Tuesday, June 28, 2011
Ronnie Douglas Blues Band - Big Borther
Released : 2001
01 - On My Way
02 - You Don't Know
03 - Don't You Know?
04 - Big Brother
05 - Foolish
06 - Highway 44
07 - Good Time Baby
08 - Why Am I Drinkin'?
09 - Blow Wind Blow
At times, the band's country, R&B and rock roots surface but all tunes are rich in the old Chicago Blues tradition with predictable themes of women and drinking. Though this CD may not attract many new listeners to the genre, it is oh-so-good for those already converted. If you are a purist who feels traditional blues should only be performed by African-Americans, take the time to learn the cultural and musical parallels between them and First Peoples.
With a voice sounding like a cross between Jimmie Vaughan and ZZ Top, Ronnie sings all the songs and plays guitar. The rest of the band includes: Dave Hewitt, drums; Peter Loudon, bass; Bob Federer, keyboards; and Greg Duncan, harmonica.
Picture a stripped-back, "unplugged" blues disc and you will be ready for Big Brother. The keyboards and harp are invigorating throughout the entire disc and support Ronnie's forefront vocals, particularly on On My Way, where ragtime piano is also included. This composition is also featured on the CD Skin Tight Blues - First Peoples Blues Compilation.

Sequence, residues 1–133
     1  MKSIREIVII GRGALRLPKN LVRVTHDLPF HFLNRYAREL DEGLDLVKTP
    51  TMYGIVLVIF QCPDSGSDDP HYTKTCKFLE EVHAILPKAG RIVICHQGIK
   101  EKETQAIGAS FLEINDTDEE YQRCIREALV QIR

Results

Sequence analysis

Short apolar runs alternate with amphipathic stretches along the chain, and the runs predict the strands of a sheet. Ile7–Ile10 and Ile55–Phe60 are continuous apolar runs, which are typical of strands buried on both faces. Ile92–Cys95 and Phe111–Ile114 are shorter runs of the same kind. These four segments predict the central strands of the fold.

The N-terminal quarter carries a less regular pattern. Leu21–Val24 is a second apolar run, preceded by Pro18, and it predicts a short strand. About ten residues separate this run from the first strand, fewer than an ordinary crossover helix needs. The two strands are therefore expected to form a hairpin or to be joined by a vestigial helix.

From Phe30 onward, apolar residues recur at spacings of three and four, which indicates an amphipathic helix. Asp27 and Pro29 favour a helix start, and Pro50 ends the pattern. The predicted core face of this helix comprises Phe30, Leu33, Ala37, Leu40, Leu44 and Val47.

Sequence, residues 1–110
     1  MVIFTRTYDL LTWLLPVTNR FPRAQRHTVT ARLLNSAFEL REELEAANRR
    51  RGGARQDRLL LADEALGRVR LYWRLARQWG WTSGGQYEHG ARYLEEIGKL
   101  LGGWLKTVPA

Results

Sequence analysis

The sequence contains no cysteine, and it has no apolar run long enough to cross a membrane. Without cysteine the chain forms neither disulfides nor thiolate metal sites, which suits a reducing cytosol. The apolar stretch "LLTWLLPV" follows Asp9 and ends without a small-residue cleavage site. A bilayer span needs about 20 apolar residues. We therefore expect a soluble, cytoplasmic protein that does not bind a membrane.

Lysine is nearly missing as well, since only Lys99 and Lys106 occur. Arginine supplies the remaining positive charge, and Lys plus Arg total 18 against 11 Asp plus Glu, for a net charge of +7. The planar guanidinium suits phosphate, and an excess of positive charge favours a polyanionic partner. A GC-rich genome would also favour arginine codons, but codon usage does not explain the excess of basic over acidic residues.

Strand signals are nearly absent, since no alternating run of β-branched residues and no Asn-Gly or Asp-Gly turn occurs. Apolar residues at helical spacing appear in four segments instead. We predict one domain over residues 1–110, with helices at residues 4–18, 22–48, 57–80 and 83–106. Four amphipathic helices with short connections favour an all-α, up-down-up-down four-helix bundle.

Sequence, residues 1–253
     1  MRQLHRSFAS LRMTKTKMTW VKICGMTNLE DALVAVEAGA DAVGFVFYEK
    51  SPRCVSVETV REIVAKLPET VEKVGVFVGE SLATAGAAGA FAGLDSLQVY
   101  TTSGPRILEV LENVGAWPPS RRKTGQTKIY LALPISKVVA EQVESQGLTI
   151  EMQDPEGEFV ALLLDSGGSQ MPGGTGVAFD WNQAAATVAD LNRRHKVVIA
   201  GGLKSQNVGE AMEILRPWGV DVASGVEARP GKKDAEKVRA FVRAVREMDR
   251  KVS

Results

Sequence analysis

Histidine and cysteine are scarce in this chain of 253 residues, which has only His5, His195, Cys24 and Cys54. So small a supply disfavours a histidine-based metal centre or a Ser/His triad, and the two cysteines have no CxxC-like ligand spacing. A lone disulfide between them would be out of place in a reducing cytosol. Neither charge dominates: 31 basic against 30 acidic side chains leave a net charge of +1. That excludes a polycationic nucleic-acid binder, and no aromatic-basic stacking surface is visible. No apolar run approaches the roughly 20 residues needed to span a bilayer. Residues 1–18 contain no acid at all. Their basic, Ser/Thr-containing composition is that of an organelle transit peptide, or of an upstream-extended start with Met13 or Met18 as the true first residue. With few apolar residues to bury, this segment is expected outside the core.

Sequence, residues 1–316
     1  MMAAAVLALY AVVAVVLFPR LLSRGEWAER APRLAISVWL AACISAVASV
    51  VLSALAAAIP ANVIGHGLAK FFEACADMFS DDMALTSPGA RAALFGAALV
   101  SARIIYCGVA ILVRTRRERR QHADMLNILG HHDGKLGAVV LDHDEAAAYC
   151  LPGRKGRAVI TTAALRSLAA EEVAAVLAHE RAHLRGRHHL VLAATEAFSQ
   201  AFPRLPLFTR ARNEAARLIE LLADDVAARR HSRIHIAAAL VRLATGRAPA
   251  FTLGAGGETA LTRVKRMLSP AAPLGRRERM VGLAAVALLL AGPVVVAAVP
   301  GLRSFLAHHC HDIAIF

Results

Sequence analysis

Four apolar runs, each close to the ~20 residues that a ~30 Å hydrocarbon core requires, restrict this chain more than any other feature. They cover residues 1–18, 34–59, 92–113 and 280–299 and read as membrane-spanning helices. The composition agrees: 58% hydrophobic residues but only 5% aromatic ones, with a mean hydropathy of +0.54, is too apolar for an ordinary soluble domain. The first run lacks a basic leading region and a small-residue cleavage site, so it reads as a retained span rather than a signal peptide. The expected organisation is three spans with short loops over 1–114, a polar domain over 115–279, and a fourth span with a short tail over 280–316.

You Don't Know contains a slow but memorable rhythm where the organ looms like a dark storm cloud. The lyrics are about the inspiration and support that can only be experienced via a loving relationship. Chess-era blues emerges on Don't You Know? Here, Duncan's harp doesn't wail, but glides while Federer's organ grooves majestically. Meanwhile, Douglas's guitar work is so simple, it is advanced.
Good Time Baby is in the vein of the Allman Brothers' version of "Stormy Monday". Why Am I Drinkin'? is a humourous reflection on the many reasons why drinking should not be such a popular pastime. Ronnie's arrangement of Muddy Waters' timeless Blow Wind Blow meshes perfectly with the original tunes. In fact, if you didn't recognize the song's name or the lyrics, you may not think it is a cover.
A couple of instrumentals showcase this band's two greatest strengths, those being the keyboard and harp work. The title track is a shuffle while Highway 44 is a lively number with a swagging and intertwining organ.
Though perhaps not progressive enough to stand out in a crowd with elements bordering on stereotypical, Big Brother does demonstrate solid musical talent complementing Douglas' songwriting abilities.